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Quebec euthanasia bill stalled

The government of Quebec was unable to convince the opposition Liberal Party to complete debate on Bill 52, legislation to legalize euthanasia, in order to bring it to a vote before the Quebec National Assembly adjourned for two weeks.  The government has tabled a budget, which takes precedence over other bills.  It is believed that the government will call an election when the Assembly returns, which means that the euthanasia bill will not pass.  It could be resurrected by a government formed after the election. [CBC News]

Swedish nurse takes a stand on conscience rights

 If soldiers can object to using weapons, why can’t health professionals refuse to assist at abortions?


Mariola O’Brien

In 2011, the European Council adopted a resolution that protects healthcare workers’ right to freedom of conscience regarding abortion and euthanasia. Sweden has signed this agreement. But reality paints a different picture. Out of the 47 member states in the European Council, Finland and Sweden are the only two which do not uphold freedom of conscience in practice.

Ellinor Grimmark, 37, is the first midwife in Sweden to report a hospital to the Discrimination Ombudsman (DO) concerning abortion. She claims to have been discriminated against on the basis of her religious beliefs and moral convictions. Newly-graduated, she was fired from her position last summer because she refused to assist abortions. Even though there is a shortage of midwives at the moment, and even though she is willing to take on double shifts, she has been denied a job ever since. One employer had first agreed to hire her in spite of the “complication”, but withdrew the offer when her story began to spread in media.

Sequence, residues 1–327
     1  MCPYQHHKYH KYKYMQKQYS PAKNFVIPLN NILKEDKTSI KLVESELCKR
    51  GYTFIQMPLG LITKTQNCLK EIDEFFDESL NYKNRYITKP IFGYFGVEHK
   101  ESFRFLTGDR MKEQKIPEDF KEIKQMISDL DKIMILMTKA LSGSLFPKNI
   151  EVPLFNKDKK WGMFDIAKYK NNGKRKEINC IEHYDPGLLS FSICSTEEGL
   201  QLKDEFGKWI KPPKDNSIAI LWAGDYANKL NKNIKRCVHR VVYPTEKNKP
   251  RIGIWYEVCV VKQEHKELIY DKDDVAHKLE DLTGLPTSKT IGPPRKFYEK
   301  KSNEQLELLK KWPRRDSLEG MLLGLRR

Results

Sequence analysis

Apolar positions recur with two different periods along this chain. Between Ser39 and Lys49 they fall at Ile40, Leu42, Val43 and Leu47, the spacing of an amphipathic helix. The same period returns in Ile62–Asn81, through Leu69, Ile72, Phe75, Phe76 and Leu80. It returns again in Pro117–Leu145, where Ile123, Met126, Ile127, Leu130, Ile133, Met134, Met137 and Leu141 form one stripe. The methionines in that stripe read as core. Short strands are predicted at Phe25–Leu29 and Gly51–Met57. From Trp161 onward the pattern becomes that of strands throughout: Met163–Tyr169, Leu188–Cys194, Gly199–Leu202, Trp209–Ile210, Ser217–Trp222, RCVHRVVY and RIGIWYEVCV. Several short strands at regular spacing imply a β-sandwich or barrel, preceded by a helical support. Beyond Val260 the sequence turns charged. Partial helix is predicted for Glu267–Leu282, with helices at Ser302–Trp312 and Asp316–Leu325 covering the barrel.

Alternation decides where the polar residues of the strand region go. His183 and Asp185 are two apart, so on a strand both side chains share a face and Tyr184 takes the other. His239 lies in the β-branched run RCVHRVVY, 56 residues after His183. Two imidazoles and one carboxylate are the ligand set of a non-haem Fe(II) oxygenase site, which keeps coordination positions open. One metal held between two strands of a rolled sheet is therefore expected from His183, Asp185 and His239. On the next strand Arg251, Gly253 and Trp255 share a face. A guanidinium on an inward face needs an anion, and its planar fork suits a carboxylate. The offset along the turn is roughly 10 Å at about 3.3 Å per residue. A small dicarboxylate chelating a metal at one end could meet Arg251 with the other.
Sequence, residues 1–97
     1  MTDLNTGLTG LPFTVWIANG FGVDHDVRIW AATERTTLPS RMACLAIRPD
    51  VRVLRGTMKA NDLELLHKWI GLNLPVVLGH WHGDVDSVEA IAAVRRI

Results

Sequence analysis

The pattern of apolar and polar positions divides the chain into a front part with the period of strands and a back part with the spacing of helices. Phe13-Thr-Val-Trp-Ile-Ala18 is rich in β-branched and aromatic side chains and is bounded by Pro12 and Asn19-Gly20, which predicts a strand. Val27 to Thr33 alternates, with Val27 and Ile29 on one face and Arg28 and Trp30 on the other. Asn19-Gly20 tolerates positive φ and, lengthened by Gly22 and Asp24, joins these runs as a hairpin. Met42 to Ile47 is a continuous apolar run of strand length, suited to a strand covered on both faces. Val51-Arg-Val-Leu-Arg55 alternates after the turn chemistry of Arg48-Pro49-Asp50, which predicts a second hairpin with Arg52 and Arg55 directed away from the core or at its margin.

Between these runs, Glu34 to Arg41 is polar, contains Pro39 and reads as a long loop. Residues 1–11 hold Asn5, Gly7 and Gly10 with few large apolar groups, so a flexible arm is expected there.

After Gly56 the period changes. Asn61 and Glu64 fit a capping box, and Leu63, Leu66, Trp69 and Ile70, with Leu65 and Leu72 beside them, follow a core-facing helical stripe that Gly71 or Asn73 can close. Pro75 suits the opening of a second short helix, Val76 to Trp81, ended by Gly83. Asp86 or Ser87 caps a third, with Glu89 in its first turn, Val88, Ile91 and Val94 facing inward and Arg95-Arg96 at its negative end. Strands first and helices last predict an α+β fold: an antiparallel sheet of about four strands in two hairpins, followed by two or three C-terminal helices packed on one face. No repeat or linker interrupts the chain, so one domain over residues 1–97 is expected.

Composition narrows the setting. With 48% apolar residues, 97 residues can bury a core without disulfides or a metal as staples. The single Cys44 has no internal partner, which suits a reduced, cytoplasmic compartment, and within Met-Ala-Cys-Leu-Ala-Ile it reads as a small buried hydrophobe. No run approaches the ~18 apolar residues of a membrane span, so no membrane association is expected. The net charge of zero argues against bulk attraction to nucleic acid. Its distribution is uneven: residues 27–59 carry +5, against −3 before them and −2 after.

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Missouri protection of conscience bill passes House of Representatives

House Bill 1430 has passed the Missouri House of Representatives by a vote of 112-38.  The bill largely replicates one that passed the House in 2013 but failed to pass the state Senate.  It is a procedure-specific bill that provides protection of conscience for individuals and institutions. [LifeNews]

Belgium extends euthanasia to children

By a vote of 86-44, the Belgian House of Representatives has approved a bill to extend euthanasia to children.  The bill had previously passed the Belgian Senate.  The law will apply to children who have a terminal and incurable illness, are near death, and suffering “constant and unbearable physical” pain.  Parents and health care professionals must agree, and a paediatric psychiatrist or psychologist must certify that the child has the capacity to discern that being killed is the ‘best choice.’ [The Guardian]

Quebec official considers expanding euthanasia to minors, dementia patients

Although Bill 52, Quebec’s euthanasia legislation, has not yet passed the National Assembly, the secretary of the Collège des médecins du Québec, the state regulator of medical practice, has suggested that grounds for euthanasia will likely be broadened after the bill passes.  Dr. Yves Robert, speaking of Alzheimer patients and those under 18, said “We will have to think about that, not only for [incapable] adults but
obviously for youngsters who face terminal diseases.” [National Post]  His statement is consistent with statements made by various groups giving evidence in committee hearings.  For example, the Quebec Commission on Human Rights and Youth Rights takes the position that failing to provide euthanasia for mentally incompetent patients and minors would constitute a violation of human rights, and warned legislators that if they did not amend the bill to include it, the change would be forced through civil action.